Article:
If they are, that’s greater productivity without too much more effort – with a new level of insight, hundreds of new jobs could be added each year without having to calculate many more routes.

 

What to look for in good route management software

There are many route management tools out there, but not all are created equal. To ensure you get what you need for your business, seek out software that has as a minimum:

  • Tailored pricing
  • No integration charges
  • Affordability
  • Verifiable results

Jenny Smith, general manager for Tele-Gence, commented: “We have many years of experience working with the automotive industry and so we understand the issues for businesses of any size in managing a fleet day-to-day, particularly smaller organisations. Through using telematics in the ways detailed above, you could significantly improve safety, efficiency and reduce costs – and what’s not to like about that?”

 

Your business can benefit from affordable telematics with no hidden start-up fees or long-term commitments. Find out how at www.tele-gence.com

Final call for TDAP funding to-boost-emissions reduction innovation

Final call for TDAP funding to boost emissions reduction innovation

A final call has been made to businesses interested in developing the next generation of innovations in car design, with a focus on supporting new technologies to help reduce emissions.

The Advanced Propulsion Centre (APC) – a joint venture between the UK government and the automotive industry – is seeking entrants into its latest round of funding as part of the Technology Developer Accelerator Programme (TDAP).

 

Still time for innovators to take action

Applicants now have until January 15th 2020 to showcase their ideas for new systems, tools and technology that could receive an investment of up to £100,000 if they prove successful in their bid.

TDAP manager Josh Denne commented: “With just a few weeks left until the wave closes, we want to make sure innovators don’t miss out on their opportunity to get the support they need. If you’re an innovator with a great idea – there is still time for you to get in touch.”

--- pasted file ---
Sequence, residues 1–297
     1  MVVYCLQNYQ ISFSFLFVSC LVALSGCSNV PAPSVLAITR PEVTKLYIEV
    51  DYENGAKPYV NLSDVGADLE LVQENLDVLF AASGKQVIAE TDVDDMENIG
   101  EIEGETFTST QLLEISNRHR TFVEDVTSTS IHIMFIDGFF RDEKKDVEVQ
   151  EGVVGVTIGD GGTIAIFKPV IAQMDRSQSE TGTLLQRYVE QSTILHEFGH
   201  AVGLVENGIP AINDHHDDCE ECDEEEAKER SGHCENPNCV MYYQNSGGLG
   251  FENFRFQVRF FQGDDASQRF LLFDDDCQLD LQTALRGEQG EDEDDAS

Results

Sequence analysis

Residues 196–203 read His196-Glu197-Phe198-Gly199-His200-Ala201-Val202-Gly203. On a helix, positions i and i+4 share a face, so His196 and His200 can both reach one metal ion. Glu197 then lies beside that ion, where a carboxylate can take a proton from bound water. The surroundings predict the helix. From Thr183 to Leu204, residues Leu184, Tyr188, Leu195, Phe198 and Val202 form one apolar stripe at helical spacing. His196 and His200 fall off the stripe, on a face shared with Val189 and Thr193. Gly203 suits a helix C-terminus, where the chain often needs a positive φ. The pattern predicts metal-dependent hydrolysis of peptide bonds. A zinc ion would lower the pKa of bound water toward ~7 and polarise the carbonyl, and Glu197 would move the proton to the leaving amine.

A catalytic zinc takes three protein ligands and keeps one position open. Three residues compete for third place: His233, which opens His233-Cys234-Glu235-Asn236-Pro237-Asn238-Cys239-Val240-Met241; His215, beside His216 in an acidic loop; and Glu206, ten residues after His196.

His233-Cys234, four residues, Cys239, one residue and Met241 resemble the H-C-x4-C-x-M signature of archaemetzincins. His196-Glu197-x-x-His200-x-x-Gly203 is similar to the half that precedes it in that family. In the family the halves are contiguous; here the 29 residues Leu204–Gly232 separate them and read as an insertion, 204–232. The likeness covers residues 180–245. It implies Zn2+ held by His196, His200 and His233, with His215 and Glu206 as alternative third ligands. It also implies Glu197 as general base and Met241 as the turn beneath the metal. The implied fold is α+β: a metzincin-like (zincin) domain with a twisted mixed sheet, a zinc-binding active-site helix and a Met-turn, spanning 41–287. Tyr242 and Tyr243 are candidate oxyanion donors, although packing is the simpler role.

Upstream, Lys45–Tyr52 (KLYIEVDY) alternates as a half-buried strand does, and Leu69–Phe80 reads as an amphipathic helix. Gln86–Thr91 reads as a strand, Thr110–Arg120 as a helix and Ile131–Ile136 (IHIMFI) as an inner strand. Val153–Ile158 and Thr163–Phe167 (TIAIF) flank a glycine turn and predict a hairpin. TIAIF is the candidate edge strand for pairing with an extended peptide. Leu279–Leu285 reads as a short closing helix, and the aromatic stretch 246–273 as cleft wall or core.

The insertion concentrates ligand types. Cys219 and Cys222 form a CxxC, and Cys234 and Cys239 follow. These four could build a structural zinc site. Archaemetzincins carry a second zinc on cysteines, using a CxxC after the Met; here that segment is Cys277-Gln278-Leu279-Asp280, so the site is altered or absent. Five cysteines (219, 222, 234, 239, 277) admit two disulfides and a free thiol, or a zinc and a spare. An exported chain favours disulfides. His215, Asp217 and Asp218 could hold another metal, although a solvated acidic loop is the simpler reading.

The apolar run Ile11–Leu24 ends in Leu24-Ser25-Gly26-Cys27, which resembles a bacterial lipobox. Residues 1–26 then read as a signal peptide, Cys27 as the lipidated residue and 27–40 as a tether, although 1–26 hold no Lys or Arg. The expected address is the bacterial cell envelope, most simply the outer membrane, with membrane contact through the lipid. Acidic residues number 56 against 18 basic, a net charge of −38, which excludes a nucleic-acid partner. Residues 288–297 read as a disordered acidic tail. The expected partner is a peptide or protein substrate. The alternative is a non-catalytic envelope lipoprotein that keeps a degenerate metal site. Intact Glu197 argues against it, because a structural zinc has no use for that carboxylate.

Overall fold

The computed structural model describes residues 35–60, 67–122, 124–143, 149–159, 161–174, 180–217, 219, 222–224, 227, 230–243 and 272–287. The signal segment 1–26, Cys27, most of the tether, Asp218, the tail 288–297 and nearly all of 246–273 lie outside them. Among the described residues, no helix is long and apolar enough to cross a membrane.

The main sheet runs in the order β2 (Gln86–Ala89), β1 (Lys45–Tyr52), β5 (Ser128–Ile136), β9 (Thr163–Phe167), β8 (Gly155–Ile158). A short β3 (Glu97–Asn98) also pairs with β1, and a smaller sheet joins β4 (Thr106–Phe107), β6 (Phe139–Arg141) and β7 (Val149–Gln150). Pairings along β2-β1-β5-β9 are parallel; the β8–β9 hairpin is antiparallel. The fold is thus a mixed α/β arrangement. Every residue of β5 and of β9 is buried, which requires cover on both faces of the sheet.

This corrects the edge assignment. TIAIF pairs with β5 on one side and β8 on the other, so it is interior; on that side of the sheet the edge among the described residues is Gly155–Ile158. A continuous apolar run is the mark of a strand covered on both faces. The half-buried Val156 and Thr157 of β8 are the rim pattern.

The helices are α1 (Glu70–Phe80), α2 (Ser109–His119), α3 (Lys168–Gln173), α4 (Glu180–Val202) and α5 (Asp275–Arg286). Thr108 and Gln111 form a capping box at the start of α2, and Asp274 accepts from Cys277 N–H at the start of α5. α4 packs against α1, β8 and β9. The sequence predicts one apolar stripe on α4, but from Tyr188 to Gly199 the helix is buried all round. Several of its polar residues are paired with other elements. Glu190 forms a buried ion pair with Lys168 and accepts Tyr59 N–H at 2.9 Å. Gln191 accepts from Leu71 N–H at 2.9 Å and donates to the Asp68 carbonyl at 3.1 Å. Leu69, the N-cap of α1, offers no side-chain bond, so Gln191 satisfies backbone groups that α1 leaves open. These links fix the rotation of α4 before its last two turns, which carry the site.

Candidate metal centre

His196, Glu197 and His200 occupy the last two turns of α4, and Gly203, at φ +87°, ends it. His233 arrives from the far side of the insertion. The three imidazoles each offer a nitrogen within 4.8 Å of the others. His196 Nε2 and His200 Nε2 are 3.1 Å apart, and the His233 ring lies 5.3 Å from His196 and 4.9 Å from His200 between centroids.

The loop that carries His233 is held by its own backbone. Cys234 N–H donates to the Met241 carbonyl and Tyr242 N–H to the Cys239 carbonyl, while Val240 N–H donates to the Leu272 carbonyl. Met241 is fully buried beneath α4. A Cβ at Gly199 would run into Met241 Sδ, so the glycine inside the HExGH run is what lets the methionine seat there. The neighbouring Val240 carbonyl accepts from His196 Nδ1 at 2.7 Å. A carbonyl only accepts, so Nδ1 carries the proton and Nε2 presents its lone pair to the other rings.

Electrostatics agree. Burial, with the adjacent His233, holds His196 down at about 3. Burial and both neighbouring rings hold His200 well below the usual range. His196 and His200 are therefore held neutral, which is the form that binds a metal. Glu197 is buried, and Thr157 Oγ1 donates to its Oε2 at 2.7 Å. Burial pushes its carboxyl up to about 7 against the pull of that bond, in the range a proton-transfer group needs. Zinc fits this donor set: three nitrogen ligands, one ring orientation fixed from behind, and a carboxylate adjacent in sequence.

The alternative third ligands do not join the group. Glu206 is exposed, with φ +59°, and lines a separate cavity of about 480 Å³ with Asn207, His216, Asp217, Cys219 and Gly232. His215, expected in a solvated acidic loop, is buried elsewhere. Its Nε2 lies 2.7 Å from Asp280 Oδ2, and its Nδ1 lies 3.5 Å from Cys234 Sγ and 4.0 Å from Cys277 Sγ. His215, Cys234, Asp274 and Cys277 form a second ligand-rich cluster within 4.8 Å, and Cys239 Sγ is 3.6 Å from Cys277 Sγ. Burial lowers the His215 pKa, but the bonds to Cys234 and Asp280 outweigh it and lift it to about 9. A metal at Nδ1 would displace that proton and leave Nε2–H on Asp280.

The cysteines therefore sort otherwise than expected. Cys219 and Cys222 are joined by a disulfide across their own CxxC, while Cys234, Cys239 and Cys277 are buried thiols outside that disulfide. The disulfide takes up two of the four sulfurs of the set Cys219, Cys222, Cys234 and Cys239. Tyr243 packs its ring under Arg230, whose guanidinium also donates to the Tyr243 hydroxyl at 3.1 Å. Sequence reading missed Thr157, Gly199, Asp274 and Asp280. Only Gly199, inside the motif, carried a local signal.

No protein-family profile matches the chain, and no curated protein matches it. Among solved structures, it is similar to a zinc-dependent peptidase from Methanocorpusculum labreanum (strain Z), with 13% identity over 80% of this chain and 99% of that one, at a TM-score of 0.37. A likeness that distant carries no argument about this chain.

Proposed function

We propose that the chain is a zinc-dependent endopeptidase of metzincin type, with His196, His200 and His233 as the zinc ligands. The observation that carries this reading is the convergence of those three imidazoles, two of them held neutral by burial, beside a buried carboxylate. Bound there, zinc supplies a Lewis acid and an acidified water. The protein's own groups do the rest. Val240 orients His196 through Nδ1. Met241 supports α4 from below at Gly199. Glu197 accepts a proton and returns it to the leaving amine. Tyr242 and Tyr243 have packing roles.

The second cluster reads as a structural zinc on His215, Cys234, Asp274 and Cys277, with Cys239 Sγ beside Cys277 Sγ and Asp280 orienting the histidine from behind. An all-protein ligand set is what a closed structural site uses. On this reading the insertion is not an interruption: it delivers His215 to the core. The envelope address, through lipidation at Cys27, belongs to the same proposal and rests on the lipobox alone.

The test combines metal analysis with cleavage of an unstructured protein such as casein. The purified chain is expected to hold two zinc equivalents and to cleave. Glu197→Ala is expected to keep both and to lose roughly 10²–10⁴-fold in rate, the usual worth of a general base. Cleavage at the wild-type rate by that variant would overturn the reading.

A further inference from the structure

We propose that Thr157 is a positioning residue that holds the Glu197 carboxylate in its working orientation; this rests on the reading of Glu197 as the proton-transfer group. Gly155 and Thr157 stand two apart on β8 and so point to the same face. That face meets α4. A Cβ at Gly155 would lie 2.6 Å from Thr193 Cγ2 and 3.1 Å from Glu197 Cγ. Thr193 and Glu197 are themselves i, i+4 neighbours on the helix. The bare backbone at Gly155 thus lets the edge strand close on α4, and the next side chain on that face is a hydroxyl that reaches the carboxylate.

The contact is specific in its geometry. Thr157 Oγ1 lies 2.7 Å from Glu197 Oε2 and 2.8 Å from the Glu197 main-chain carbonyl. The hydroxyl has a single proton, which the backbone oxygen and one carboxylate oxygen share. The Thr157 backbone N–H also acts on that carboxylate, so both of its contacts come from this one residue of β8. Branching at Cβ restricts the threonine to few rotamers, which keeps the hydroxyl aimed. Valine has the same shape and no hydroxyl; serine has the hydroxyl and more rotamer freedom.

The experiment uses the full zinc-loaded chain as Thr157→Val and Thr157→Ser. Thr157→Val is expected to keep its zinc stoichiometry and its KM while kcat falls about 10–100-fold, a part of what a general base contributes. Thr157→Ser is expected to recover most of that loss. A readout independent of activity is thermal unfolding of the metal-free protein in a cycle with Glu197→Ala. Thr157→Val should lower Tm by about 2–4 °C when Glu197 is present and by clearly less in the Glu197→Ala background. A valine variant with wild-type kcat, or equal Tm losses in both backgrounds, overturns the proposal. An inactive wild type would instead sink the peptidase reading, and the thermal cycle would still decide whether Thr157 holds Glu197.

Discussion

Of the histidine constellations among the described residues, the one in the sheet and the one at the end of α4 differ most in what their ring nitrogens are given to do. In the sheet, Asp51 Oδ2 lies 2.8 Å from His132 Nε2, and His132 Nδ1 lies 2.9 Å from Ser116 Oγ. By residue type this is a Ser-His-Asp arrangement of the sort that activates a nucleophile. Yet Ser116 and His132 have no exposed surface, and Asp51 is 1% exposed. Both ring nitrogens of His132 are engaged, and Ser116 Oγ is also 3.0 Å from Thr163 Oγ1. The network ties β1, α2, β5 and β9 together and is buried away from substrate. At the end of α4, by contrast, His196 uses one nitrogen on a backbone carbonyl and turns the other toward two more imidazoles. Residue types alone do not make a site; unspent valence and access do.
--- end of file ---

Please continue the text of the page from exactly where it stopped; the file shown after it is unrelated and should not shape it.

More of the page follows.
Now in its fourth instalment (or wave), the scheme will operate in a phased format over 18 months and help technology developers to move their ideas from concept to fully-fledged products ready for launch.

It will support innovators in the refinement of their concepts and designs, as well as facilitating potential routes to market to ensure these innovative new technologies are made use of right across the automotive sector.

 

The power of investment for start-ups

One firm to have benefited greatly by its involvement in the TDAP to date is previous winning applicant FeTu.

The company took part in Wave One of the initiative and its plans to develop a novel ‘roticulating’ combustion engine saw the gift of thousands of pounds of investment, as well as expert guidance.

Due to complications around the initial project, however, a shift in focus was undertaken and the firm has now successfully created an innovative oil-free compressor instead.

Jon Fenton, managing director at FeTu, stated: “To a start-up organisation, operating in this sector, the TDAP process is custom-made.

“It has supported us through both technical development and securing our intellectual property, but also thanks to the APC’s endorsement of our technology it has opened the door to capital investment.”

Established in 2013, the APC successfully helped hundreds of businesses to thrive and develop their ideas. Moving forward, a commitment has been made by the government and its industry partners to provide a further £1 billion of investment into new products, technologies and innovations over the next ten years.

Jenny Smith, general manager for Tele-Gence, commented: “The UK automotive industry is always on the lookout for the next groundbreaking innovation that will help in the drive to develop cleaner, greener vehicles in the years ahead. As such, some fantastic new products have come out of the TDAP to date and more are expected in this latest wave of funding.”

 

Your business can benefit from affordable telematics with no hidden start-up fees or long-term commitments. Find out how at www.tele-gence.com